“When you see me engaged in the service of some other,” Galeotto explained. “You need a condottiero, my lord; and you may come to need one even more than you do now.”

“I have the Lord of Mondolfo,” said the Duke.

Galeotto stared at him with round eyes. “The Lord of Mondolfo?” quoth he, intentionally uncomprehending.

“You have not heard? Why, here he stands.” And he waved a jewelled hand towards Cosimo, a handsome figure in green and blue, standing nearest to Farnese.

Galeotto looked at this Anguissola, and his brow grew very black.

“So,” he said slowly, “you are the Lord of Mondolfo, eh? I think you are very brave.”

“I trust my valour will not be lacking when the proof of it is needed,” answered Cosimo haughtily, feeling the other’s unfriendly mood and responding to it.

“It cannot,” said Galeotto, “since you have the courage to assume that title, for the lordship of Mondolfo is an unlucky one to bear, Ser Cosimo. Giovanni d’Anguissola was unhappy in all things, and his was a truly miserable end. His father before him was poisoned by his best friend, and as for the last who legitimately bore that title–why, none can say that the poor lad was fortunate.”

“The last who legitimately bore that title?” cried Cosimo, very ruffled. “I think, sir, it is your aim to affront me.”

“And what is more,” continued the condottiero, as if Cosimo had not spoken, “not only are the lords of Mondolfo unlucky in themselves, but they are a source of ill luck to those they serve. Giovanni’s father had but taken service with Cesare Borgia when the latter’s ruin came at the hands of Pope Julius II. What Giovanni’s own friendship cost his friends none knows better than your highness. So that, when all is said, I think you had better look about you for another condottiero, magnificent.”

The magnificent stood gnawing his beard and brooding darkly, for he was a grossly superstitious fellow who studied omens and dabbled in horoscopes, divinations, and the like. And he was struck by the thing that Galeotto said. He looked at Cosimo darkly. But Cosimo laughed.

“Who believes such old wives’ tales? Not I, for one.”

“The more fool you!” snapped the Duke.

“Indeed, indeed,” Galeotto applauded. “A disbelief in omens can but spring from an ignorance of such matters. You should study them, Messer Cosimo. I have done so, and I tell you that the lordship of Mondolfo is unlucky to all dark-complexioned men. And when such a man has a mole under the left ear as you have–in itself a sign of death by hanging–it is well to avoid all risks.”

“Now that is very strange!” muttered the Duke, much struck by this whittling down of Cosimo’s chances, whilst Cosimo shrugged impatiently and smiled contemptuously. “You seem to be greatly versed in these matters, Ser Galeotto,” added Farnese.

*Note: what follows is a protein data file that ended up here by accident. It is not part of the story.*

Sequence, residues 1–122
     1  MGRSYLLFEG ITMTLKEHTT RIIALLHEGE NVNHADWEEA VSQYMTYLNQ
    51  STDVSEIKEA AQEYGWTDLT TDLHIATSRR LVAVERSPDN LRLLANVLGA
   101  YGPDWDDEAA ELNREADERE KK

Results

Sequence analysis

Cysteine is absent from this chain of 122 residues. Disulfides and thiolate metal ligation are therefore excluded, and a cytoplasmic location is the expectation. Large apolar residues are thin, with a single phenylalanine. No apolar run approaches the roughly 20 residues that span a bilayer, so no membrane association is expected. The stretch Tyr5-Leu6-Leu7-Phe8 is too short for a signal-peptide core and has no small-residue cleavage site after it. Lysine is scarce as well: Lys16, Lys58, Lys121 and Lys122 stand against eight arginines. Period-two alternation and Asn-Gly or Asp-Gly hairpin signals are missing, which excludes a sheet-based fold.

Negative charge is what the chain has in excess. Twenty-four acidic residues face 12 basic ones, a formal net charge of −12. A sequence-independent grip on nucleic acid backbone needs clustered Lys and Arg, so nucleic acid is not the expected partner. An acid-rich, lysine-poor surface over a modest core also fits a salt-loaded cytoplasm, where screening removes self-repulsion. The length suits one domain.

“He who would succeed in whatever he may undertake should qualify to read all signs,” said Galeotto sententiously. “I have sought this knowledge.”

“Do you see aught in me that you can read?” inquired the Duke in all seriousness.

Galeotto considered him a moment without any trace in his eyes of the wicked mockery that filled his soul. “Why,” he answered slowly, “not in your own person, magnificent–leastways, not upon so brief a glance. But since you ask me, I have lately been considering the new coinage of your highness.”

“Yes, yes!” exclaimed the Duke, all eagerness, whilst several of his followers came crowding nearer–for all the world is interested in omens. “What do you read there?”

“Your fate, I think.”

“My fate?”

“Have you a coin upon you?”

Farnese produced a gold ducat, fire-new from the mint. The condottiero took it and placed his finger upon the four letters P L A C–the abbreviation of “Placentia” in the inscription.

“P–L–A–C,” he spelled. “That contains your fate, magnificent, and you may read it for yourself.” And he returned the coin to the Duke, who stared at the letters foolishly and then at this reader of omens.

“But what is the meaning of PLAC?” he asked, and he had paled a little with excitement.

“I have a feeling that it is a sign. I cannot say more. I can but point it out to you, my lord, and leave the deciphering of it to yourself, who are more skilled than most men in such matters. Have I your excellency’s leave to go doff this dusty garb?” he concluded.

“Ay, go, sir,” answered the Duke abstractedly, puzzling now with knitted brows over the coin that bore his image.

“Come, Falcone,” said Galeotto, and with his equerry at his heels he set his foot on the first step.

Cosimo leaned forward, a sneer on his white hawk-face, “I trust, Ser Galeotto, that you are a better condottiero than a charlatan.”

“And you, sir,” said Galeotto, smiling his sweetest in return, “are, I trust, a better charlatan than a condottiero.”